The Frightening Reality of Curses (Part 2)

In Friday’s blog, we discussed the curse – what it is and how it is typically imposed upon people. In this blog, we will look at what to do if we suspect that we are the recipient of a curse.

Father Jose Antonio Fortea

In his book, Interview with an Exorcist, Father Jose Antonio Fortea gives the following advice to those who believe they are suffering from a curse:

1.  Pray the Rosary
2.  Read the Bible
3.  Speak with God every day
4.  Attend Mass frequently, even daily
5.  Place a blessed crucifix and an image of the Blessed Virgin Mary in the house
6.  Make the sign of the cross with holy water daily

“If the evil a person is suffering is from a demon, it will go away as a result of these devotions. If nothing changes, however, then the evil the person is suffering is not caused by a curse. Also, if a priest is an exorcist and suspects a curse, he can pray a prayer of deliverance and this will remedy the situation.”

However, we must be careful not to think every misfortune or upset stomach is the result of a curse.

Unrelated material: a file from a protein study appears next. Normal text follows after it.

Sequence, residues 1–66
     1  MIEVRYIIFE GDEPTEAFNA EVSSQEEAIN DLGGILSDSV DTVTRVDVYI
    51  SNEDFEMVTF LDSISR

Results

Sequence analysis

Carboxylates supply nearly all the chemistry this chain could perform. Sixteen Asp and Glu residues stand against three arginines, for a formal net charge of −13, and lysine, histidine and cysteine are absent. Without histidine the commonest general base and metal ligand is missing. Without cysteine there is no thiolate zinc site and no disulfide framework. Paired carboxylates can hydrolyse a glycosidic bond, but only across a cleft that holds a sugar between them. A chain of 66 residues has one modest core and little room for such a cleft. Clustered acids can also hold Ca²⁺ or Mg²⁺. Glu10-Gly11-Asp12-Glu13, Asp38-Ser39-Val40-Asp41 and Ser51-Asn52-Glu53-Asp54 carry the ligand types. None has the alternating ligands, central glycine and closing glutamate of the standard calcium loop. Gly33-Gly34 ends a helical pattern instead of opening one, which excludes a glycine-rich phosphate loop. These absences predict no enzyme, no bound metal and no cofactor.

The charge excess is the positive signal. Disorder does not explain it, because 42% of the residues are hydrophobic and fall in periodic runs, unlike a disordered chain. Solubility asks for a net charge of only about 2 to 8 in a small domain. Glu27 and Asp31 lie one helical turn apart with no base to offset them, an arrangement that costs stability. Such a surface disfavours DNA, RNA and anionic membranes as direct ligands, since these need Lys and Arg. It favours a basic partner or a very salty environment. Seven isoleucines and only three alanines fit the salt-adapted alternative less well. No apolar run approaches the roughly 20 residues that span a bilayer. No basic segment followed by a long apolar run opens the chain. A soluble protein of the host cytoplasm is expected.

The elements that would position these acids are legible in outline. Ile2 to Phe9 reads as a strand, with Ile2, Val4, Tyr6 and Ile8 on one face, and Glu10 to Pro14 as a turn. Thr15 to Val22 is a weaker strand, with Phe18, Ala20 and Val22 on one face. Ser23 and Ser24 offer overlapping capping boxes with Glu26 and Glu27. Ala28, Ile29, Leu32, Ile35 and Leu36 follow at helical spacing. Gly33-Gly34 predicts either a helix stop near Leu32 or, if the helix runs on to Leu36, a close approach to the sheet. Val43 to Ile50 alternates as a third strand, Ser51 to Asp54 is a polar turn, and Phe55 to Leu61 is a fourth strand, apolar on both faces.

“During our time on earth, God allows us to experience both good and evil because this life is a period of trial, of purification,” he reminds us.  

If we truly want to be protected, we need to be a person of prayer who lives in God’s grace. “The more one prays and lives a spiritual life, the more one is protected,” Father Fortea writes.

We are also wise to remember that the Bible never tells us to fear the devil but to resist him in the certainty that he will flee from us (James 4:7) and to remain watchful by remaining firm in our faith (1 Pet 5:9).

“We have been given the grace of Christ, who defeated Satan with his Cross,” writes Father Amorth. “We have the intercession of Mary, who has been an enemy of Satan since the beginning of humanity; we have the help of the angels and the saints. Most of all, at baptism we have been sealed with the Holy Trinity. If we live in communion with God, it is Satan and all of hell who tremble at our presence – unless we ourselves open the door to him.” 

His advice echoes that given by Pope Paul IV in 1972 during a General Audience. (This is a powerful address that is worth reading in its entirety.)

“Grace is the decisive defense. Innocence takes on the aspect of strength. Everyone recalls how often the apostolic method of teaching used the armor of a soldier as a symbol for the virtues that can make a Christian invulnerable (Rom 13: 12; Eph. 6: 11, 14-17; 1 Thess 5:8). The Christian must be a militant; he must be vigilant and strong (Pt 5:8); and he must at times make use of special ascetical practices to escape from certain diabolical attacks. Jesus teaches us this by pointing to ‘prayer and fasting’ as the remedy (Mk 9:29). And the Apostle suggests the main line we should follow: ‘Be not overcome by evil, but overcome evil with good (Rom 12:21; Mt 13:29)’.”

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